The Power Of Consumerism And Socio-Economic Behavioural Change

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Matshidiso Madikoane-Mbele, Chief Executive Officer at Kwambele Social Marketing.

Matshidiso Madikoane-Mbele, Chief Executive Officer at Kwambele Social Marketing, mentions that social media has become an undeniable influence in the way content centred around products and services is being consumed.

Moreover, it has provided a podium for individuals and collectives to voice out, regardless of which corner of the world they come from. This voice commands change and when enough people band together to speak as one its results are astonishing, to say the least, with an impact that is far-reaching. 

The call to action is upon consumers and employees alike to take that social intercom and use it to speak up. They must call out and hold their organisations and employers accountable to their own mission. An empowered person is most likely to make decisions that affect them and the people around them positively. We need to prioritise and in a sense be woke in every sphere of our lives, including where we spend our money. 

According to BusinessTech, a survey published by World Wide Worx, and commissioned by TymeBank, found that ‘the most common goal, especially for those under 35, is to save up for a car (19%) and to study or learn a new skill (19%)’. One in 10 intend to start or grow a business and 9% want to buy or renovate a home. Which brings me to this point: we are living in an era where companies cannot turn a blind eye to broader social issues. These under 35’s should be looking out for brands that support youth development.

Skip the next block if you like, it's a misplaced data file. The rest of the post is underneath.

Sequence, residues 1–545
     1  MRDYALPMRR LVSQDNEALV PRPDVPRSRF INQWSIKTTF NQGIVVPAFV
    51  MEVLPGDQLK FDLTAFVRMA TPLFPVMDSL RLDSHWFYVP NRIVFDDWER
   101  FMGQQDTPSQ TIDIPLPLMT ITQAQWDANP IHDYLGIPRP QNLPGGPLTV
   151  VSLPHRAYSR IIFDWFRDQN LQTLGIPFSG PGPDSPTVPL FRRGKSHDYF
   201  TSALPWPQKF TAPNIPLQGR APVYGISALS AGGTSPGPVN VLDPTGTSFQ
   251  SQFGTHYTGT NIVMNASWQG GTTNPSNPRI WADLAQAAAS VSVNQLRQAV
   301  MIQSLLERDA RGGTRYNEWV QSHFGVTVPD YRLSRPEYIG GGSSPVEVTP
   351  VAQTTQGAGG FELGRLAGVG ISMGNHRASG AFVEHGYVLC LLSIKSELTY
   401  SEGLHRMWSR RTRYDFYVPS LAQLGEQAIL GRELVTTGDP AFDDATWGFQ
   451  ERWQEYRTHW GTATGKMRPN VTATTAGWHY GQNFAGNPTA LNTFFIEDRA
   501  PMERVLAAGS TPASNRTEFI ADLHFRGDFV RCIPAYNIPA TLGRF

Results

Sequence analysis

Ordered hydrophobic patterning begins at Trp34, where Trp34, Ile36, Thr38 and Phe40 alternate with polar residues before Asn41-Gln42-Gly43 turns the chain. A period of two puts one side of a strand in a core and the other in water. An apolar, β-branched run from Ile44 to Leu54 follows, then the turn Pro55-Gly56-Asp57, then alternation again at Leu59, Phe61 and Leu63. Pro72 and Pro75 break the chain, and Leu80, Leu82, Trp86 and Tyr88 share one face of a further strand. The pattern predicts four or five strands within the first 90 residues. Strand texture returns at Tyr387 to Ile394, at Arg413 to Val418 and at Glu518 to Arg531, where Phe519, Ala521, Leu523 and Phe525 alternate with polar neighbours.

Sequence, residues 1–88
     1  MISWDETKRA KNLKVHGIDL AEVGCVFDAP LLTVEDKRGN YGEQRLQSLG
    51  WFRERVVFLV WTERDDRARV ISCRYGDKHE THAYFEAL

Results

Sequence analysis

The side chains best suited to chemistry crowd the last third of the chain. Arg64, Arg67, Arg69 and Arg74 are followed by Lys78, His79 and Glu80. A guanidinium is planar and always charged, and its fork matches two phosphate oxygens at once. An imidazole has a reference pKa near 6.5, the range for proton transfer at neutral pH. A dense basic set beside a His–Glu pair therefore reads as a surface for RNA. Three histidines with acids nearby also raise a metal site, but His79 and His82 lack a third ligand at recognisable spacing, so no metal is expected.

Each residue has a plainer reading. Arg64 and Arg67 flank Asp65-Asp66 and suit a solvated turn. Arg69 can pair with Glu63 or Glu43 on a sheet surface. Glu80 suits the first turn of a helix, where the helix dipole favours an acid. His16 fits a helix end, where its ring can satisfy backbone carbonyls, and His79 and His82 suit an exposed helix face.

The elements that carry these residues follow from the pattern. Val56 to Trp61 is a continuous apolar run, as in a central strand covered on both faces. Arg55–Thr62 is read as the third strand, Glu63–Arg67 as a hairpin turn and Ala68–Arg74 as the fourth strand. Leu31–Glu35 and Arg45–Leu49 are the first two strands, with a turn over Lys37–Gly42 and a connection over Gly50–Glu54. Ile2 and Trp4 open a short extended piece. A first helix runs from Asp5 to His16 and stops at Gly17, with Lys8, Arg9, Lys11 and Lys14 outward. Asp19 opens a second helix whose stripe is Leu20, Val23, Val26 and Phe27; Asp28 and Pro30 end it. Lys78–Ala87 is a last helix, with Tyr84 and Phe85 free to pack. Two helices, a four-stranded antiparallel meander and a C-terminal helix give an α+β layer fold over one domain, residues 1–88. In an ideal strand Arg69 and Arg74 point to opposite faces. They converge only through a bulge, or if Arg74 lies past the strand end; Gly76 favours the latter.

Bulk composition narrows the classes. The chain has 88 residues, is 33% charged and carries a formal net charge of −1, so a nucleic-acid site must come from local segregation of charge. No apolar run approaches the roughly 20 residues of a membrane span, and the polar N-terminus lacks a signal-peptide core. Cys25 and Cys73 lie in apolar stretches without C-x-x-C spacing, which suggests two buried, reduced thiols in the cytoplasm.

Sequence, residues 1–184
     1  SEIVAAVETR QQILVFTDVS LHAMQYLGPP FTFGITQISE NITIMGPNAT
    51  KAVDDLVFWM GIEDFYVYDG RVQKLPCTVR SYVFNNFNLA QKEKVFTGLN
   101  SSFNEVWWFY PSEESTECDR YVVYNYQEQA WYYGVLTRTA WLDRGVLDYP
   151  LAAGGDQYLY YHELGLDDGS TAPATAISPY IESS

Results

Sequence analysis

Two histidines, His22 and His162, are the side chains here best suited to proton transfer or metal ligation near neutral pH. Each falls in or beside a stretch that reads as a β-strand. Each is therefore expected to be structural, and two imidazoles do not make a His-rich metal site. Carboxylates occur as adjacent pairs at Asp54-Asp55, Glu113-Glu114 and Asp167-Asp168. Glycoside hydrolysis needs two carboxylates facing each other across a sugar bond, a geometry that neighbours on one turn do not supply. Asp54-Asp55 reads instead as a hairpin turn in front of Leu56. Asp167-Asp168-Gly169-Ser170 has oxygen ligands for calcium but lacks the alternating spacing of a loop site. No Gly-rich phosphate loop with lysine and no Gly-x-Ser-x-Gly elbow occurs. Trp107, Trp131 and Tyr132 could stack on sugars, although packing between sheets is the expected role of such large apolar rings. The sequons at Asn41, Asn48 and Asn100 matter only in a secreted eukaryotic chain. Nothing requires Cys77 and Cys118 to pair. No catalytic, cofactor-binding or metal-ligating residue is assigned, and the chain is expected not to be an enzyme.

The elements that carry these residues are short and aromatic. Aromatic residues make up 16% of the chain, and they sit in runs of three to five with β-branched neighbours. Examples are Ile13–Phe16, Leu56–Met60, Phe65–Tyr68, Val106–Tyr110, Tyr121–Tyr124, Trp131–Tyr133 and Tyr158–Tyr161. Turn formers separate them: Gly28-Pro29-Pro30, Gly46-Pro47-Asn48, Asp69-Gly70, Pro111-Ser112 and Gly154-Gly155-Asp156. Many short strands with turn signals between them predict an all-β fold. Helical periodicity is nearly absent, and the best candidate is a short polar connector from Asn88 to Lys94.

I was in one of the supermarkets with my younger son, and at checkout I realised we’d forgotten a loaf of bread. My son quickly ran and grabbed us a loaf and as I passed it on to the cashier to scan, I noticed on the packaging that the brand had a label which read ‘1 million loaves, every year we donate through various national feeding schemes and soup kitchens’. This feeds 5 million little tummies in schools around the country every day. Being a mother firstly and a businesswoman whose business is founded on the bedrock of making a difference that matters – I was so moved by this. I thought ‘here’s a brand that makes it matter and it’s simply through me buying their loaf of bread and this has enabled them to contribute to feeding 5 million little children every day’.

The label on that packaging got me thinking about the power of consumerism and socio-economic behavioural change and what that meant in the dawn of an ever-evolving fast-paced digital era. 

This is an exciting time for consumers, as we are able to hold brands accountable and, in the process, make them reconsider their branding strategies and furthermore the duty they have to help empower the communities that surround them. As a loyal customer to a brand, I would like to know that the brand and I share the same values and beliefs, be it inclusivity or partaking in sustainability etc.

This helps to reassure me that I have also aided in helping a cause that I believe in. I personally believe that brands should make this visible and known to me in their packaging. This is essential to not only bringing awareness but also serving as a reminder to consumers, that we also need to play our part.

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